9th Annual Performance Report Scorecard: Which Federal Agencies Best Inform the Public?

May 13, 2008

Event Speakers

Maurice P. McTigue

Vice President, Outreach

Jerry Ellig

Former Senior Research Fellow

Henry Wray

Mercatus Center Visiting Fellow, Government Accountability Project


Hon. James Cooper
U.S. House of Representatives

Hon. Maurice P. McTigue 
Distinguished Visiting Scholar and Vice President
Mercatus Center at George Mason University 

Dr. Jerry Ellig 
Senior Research Fellow
Mercatus Center at George Mason University 

Henry Wray
Visiting Fellow
Mercatus Center at George Mason University

The Government Performance and Results Act (GPRA) celebrates its 15th anniversary in 2008. Enacted in 1993, this legislation directs federal agencies to define the outcomes their agencies seek to produce, identify measures that show whether they are making progress on these outcomes, and disclose the results to Congress and the public.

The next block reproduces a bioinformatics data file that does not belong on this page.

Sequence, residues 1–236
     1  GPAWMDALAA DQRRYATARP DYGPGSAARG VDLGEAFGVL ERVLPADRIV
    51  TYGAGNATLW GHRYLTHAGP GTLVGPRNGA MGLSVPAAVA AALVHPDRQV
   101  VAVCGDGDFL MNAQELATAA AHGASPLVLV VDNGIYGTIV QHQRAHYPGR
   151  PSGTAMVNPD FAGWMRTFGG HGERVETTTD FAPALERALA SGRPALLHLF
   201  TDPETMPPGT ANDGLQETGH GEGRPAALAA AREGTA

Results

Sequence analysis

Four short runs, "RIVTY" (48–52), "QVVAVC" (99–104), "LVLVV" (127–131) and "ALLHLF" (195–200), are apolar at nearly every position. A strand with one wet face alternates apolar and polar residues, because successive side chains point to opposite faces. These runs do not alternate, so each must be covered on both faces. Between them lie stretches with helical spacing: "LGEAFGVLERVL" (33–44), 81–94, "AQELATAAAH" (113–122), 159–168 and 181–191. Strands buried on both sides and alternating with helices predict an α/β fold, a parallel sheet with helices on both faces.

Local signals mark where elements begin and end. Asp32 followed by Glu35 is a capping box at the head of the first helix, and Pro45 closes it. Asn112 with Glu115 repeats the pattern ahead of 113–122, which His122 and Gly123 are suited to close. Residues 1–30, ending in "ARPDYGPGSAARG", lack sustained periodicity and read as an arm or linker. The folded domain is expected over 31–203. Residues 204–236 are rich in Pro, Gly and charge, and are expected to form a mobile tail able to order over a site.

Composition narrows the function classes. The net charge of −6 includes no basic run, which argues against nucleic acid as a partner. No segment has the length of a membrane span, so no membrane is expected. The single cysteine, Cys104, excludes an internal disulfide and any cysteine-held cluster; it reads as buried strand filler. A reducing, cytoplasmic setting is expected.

Federal agencies are supposed to be accountable to elected policy makers. Elected policy makers are supposed to be accountable to citizens. The GPRA-mandated disclosure of goals and results is a crucial step towards both types of accountability.

On May 13, the Mercatus Center at George Mason University will host a special panel discussion to mark the release of our Annual Performance Report Scorecard. Each year, this study sheds light on which of the 24 largest federal agencies are supplying citizens and elected leaders with the information they need to make informed funding and policy decisions.

The Report rates and ranks the major departments and agencies based on the fullness and accuracy of their disclosure. The Scorecard also highlights best and worst practices among the agencies' annual performance and accountability reports. Mercatus researchers evaluate the reports according to transparency, public benefits, and forward-looking leadership.